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A Real Estate Agent's Worst Nightmare?

1st Rights of Refusal-What Sellers in Penn Estates Should Know

You may or may not know that the developer of Penn Estates, Cranberry Hill Corp., reserved for themselves, through a Deed Restriction (aka Covenant), the right to purchase properties back at the time they are offered for sale and a buyer is found.  Basically how it works is this:  a seller markets his or her home or lot for sale and finds a buyer.  The buyer and seller negotiate the terms of the Agreement of Sale.  Once all is agreed to and the proper documents are signed, the seller (or their agent or attorney) must advise Cranberry Hill of the terms of the contract.   Cranberry Hill then has 30 days in which to excersise their right to buy the property at the agreed upon terms.  Up until recently, there was a charge imposed for the Release of this Right to be signed, somewhere between $100 & $200, to be paid by the Seller of the property, and no one really thought much of it.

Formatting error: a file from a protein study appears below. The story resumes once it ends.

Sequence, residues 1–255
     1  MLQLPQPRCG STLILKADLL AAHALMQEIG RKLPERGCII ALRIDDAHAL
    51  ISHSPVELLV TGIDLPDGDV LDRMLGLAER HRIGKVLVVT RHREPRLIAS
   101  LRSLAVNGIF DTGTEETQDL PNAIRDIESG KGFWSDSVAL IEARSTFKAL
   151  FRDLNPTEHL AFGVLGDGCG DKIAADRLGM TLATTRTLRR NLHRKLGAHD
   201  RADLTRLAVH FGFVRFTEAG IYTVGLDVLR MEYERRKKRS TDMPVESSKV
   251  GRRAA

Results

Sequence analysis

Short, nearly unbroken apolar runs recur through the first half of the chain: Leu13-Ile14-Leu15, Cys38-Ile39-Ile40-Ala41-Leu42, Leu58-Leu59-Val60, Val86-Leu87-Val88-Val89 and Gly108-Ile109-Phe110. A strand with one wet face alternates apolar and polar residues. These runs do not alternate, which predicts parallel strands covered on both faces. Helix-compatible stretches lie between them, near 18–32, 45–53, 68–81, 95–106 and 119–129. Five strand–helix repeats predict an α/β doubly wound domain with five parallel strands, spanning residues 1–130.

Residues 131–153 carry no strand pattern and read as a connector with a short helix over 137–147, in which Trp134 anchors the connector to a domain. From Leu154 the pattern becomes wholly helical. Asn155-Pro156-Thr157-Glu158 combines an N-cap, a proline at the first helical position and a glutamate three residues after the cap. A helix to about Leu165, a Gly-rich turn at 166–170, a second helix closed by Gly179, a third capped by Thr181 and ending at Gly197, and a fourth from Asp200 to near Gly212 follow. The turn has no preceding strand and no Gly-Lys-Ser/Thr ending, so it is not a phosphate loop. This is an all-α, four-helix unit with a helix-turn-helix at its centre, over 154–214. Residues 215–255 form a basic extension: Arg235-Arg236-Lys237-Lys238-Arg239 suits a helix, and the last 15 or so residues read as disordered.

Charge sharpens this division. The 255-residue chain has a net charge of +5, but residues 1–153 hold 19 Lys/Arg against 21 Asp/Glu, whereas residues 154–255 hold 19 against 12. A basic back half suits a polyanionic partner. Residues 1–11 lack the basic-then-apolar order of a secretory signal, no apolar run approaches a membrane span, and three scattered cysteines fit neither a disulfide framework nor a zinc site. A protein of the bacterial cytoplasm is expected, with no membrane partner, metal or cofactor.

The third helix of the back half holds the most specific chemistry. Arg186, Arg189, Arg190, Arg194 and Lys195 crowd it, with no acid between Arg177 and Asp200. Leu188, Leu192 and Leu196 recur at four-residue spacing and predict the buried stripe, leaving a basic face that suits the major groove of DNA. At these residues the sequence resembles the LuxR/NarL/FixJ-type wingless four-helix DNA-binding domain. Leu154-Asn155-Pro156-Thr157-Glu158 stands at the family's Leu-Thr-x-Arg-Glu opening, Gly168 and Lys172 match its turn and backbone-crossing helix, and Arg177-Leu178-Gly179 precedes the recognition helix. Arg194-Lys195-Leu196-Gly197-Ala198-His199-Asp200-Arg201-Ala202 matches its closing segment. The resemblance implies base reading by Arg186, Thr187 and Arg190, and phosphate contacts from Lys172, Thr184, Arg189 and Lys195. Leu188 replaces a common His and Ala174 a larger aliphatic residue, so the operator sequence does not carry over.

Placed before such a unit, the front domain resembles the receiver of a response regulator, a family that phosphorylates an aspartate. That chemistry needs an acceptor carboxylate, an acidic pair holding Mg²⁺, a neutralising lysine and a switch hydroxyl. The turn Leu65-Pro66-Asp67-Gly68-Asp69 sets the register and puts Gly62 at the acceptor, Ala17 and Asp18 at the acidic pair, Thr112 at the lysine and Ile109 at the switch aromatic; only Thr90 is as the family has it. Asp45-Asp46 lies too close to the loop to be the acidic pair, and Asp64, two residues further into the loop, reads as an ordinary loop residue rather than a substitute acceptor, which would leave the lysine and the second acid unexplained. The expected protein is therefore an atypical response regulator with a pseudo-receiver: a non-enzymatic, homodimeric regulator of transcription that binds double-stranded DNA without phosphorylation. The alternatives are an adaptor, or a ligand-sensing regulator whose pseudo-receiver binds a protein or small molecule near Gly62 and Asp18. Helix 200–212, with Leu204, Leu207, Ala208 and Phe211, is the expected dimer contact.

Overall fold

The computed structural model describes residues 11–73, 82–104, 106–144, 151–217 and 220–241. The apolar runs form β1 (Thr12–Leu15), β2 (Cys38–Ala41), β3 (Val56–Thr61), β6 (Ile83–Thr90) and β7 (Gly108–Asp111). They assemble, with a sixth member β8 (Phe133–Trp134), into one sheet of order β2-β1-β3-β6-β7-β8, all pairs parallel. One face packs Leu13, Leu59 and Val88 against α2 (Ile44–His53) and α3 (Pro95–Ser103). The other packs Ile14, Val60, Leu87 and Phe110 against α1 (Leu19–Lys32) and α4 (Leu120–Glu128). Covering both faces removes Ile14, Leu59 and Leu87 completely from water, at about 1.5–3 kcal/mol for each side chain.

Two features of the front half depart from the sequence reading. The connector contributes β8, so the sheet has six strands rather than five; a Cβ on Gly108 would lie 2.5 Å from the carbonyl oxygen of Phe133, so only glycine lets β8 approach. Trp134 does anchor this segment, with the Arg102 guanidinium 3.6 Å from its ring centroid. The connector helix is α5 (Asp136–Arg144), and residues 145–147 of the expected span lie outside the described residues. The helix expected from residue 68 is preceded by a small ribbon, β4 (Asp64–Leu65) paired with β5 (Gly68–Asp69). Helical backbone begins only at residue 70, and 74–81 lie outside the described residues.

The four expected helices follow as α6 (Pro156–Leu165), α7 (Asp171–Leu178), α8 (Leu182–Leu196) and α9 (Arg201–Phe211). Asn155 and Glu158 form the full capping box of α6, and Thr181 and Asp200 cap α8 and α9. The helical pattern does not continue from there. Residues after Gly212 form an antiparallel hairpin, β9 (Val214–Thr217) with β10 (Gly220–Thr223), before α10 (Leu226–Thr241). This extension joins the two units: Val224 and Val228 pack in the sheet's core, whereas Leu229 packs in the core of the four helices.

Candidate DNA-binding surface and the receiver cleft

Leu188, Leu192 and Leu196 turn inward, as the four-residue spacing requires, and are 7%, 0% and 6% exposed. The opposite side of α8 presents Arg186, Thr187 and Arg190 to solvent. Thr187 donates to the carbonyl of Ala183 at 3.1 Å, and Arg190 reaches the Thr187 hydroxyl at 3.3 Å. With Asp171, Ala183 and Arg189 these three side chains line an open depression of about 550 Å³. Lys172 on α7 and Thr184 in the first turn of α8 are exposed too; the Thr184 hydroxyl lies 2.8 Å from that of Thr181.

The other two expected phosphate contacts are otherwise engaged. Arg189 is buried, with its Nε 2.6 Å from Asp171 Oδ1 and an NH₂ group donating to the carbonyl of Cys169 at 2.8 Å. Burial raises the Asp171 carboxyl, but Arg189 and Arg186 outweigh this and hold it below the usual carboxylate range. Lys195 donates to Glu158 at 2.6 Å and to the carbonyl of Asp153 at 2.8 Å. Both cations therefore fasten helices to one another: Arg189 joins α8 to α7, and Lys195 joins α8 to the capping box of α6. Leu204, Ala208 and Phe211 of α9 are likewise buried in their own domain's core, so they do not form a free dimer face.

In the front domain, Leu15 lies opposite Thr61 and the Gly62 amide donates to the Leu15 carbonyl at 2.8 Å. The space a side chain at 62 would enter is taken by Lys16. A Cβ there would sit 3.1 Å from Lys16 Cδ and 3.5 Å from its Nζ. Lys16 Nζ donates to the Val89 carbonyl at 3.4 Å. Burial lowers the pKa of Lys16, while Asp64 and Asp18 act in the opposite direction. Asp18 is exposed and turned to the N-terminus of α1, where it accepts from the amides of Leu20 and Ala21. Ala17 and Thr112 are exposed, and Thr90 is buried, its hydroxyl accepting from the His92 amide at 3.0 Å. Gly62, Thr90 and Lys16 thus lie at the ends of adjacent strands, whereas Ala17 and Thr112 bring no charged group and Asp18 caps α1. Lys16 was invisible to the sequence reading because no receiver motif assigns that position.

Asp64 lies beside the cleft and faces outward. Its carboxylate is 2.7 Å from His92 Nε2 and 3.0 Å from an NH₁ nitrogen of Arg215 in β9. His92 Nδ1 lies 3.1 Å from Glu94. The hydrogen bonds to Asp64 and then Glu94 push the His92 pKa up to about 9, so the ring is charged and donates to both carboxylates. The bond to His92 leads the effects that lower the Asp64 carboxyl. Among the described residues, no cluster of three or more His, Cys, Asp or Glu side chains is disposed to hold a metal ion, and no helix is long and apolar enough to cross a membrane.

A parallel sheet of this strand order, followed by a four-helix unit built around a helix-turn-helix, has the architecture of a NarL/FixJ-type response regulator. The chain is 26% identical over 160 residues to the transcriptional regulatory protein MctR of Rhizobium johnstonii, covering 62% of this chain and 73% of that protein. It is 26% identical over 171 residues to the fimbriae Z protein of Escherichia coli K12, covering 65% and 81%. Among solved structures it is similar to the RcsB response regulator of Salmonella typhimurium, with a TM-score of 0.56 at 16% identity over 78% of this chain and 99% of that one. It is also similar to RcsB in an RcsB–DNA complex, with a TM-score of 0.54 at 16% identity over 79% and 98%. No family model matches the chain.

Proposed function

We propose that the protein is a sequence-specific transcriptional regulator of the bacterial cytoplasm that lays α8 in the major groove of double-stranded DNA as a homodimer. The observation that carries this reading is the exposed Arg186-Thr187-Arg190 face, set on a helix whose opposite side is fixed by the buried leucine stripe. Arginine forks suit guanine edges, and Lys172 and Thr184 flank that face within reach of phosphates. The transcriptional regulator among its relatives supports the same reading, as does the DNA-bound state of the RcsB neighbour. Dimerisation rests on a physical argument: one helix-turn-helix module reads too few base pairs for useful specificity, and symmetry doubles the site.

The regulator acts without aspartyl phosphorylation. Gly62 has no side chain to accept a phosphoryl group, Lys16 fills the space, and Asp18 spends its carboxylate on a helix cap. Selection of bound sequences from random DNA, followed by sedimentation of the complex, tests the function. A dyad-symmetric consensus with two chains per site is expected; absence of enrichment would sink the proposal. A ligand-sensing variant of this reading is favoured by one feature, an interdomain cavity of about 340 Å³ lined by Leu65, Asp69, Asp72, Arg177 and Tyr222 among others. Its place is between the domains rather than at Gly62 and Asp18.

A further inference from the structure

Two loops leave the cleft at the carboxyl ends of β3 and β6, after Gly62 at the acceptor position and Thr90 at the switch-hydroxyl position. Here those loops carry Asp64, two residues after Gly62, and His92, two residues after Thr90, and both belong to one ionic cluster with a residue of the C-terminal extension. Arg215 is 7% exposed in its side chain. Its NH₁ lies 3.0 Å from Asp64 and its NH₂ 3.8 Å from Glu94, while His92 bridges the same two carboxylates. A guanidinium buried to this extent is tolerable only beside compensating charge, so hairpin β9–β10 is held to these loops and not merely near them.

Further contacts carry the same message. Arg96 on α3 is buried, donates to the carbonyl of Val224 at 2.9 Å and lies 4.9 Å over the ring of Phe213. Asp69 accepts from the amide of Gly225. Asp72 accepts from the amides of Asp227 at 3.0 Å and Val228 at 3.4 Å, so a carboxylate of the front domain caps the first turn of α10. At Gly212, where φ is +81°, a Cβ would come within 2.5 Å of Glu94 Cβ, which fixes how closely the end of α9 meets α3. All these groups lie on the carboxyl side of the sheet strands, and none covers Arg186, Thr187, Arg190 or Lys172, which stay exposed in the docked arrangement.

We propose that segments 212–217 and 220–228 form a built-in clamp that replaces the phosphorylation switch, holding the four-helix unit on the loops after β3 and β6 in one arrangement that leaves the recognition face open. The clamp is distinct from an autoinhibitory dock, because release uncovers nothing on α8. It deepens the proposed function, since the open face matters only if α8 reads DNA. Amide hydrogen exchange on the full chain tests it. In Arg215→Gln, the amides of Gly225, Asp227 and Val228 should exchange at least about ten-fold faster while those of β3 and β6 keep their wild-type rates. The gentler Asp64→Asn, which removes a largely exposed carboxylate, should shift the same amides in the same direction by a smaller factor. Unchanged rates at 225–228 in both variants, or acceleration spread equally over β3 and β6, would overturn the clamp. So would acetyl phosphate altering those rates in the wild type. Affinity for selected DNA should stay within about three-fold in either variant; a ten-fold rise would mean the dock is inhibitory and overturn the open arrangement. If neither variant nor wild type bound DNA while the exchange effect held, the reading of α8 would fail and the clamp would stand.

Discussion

However, not too long ago, Cranberry Hill assigned these Rights of Refusal to another company, Penn Vista Associates.  This company then raised the fee for the signature on the Release to $485, an astronomical amount in my opinion.  Effectively this company seeks to make $40,000+ per year for doing nothing but signing off on 100+ sales a year.  Anyway, I digress.... 

Rougly 2/3 of the homes in our Community are subject to this requirement.  If your lot is part of the original, pre-1989 subdivision plan, you may not be affected.  However, if you plan to sell your home I suggest you find out for sure, before you put your house on the market, if this Covenant exists in your chain of title.  If it does, you will need to discuss this with your agent and your attorney early on in the process.  Obviously, this extra cost can affect your anticipated bottom line when you are calculating your sale expenses, but I do know of some Sellers who have avoided paying the $485 under specific conditions and circumstances.  But, as this can become a legal issue and affect the quality of the title you are conveying, you should discuss this possibility with your attorney to be sure you are properly protected.



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